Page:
4.1 Flux emergence in lower convection zone

The solar convection zone encompasses a density contrast of about 106, leading to vast range of length and time scales as well as convection regimes. While the bottom of the convection zone hosts strongly subsonic flows (Ma ∼ 10 −4), convective motions in the solar photosphere turn supersonic. The pressure scale height ranges from about 50 Mm at the base of the convection zone to about 100 km in the photosphere, convective overturning time scales range from weeks to minutes. Modeling the deeper layers of the convection requires filtering out sound waves (to avoid overly severe time step constraints) while fully accounting for stratification, which is achieved through the anelastic approximation (see Glatzmaier, 1984, for full 3D approaches) or the thin flux tube approximation in simplified models. The assumptions underlying the anelastic as well as thin flux tube approximation break down in the upper most 10 – 20 Mm of the convection zone, which requires taking compressibility fully into account.

Early models of the flux emergence process (Choudhuri and Gilman, 1987; Fan et al., 1993Jump To The Next Citation Point, 1994Jump To The Next Citation Point; Moreno-Insertis et al., 1994; Schüssler et al., 1994; Caligari et al., 1995Jump To The Next Citation Point) were based on the thin flux tube approximation. Studying the time evolution of a closed 1-dimensional flux loop in a background stratification taken from a solar convection zone model, these studies were able to explain large scale properties of active regions, such as the low latitude of emergence, latitudinal trend in tilt angles as well as asymmetries between leading and following spots. Necessary condition for this agreement was an initial field strength at the base of the convection zone in the 100 – 150 kG range. Very similar values for the field strength were also found in independent studies of flux storage in the subadiabatic overshoot region (Ferriz-Mas and Schüssler, 1993, 1995).

Based on two-dimensional MHD simulations it was early realized by Schüssler (1979) that untwisted magnetic flux tubes cannot rise coherently and fragment. It was shown later by Moreno-Insertis and Emonet (1996) and Emonet and Moreno-Insertis (1998) that this fragmentation can be alleviated provided that flux tubes have enough initial twist.

More recently also 3D MHD simulations of rising flux tubes based on the anelastic approximation have become possible (Fan, 2008Jump To The Next Citation Point) and give support for results from earlier simulations based on the thin flux tube approximation. It was, however, found by Fan (2008Jump To The Next Citation Point) that there is a very delicate balance between the amount of twist required for a coherent rise and the amount of twist allowed to be in agreement with observations of sunspot tilt angles (twist with the observed sign produces a tilt opposite to the effect of Coriolis forces on rising tubes).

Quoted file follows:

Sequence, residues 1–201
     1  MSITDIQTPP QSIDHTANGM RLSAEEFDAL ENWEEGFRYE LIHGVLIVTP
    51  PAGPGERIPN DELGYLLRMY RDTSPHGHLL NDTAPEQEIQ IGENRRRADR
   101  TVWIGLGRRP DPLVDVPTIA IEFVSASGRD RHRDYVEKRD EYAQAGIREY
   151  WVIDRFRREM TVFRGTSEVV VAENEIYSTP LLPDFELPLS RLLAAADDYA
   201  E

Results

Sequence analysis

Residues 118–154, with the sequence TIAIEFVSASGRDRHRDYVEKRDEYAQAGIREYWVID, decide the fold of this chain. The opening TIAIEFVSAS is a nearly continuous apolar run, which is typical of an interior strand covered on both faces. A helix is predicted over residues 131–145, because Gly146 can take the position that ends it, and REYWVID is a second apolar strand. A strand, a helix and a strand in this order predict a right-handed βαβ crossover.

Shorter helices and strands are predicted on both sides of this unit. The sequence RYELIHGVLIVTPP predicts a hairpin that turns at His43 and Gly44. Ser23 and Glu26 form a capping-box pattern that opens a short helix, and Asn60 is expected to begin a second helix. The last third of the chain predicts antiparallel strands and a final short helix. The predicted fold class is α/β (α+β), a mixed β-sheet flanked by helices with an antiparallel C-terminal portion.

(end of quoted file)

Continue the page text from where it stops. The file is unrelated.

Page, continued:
The simulations presented above consider the flux emergence process decoupled from convection. First attempts to address flux emergence in global simulations of the convection zone were made recently by Jouve and Brun (2007, 2009). Understanding the interaction of emerging flux with the ambient convective motions in the convective envelope is a crucial step toward more realism; however, currently the focus on the global scale limits the resolution required to resolve this interaction in detail. A complementary approach that circumvents the resolution problem was recently taken by Weber et al. (2011). They simulated the rise of a thin flux tube through a convection zone taken from a 3D global convection model, where the coupling between flux tube and surrounding convective flow field is accomplished through the drag force. Overall, the interaction between rising flux and convective flows reduces the sensitivity of results with respect to the initial field strength, although the best agreement with observed active region properties is found for about 50 kG initial field strength. The latter is a factor of about 2 – 3 lower than values previously inferred from simulations not considering the interaction with convective motions.

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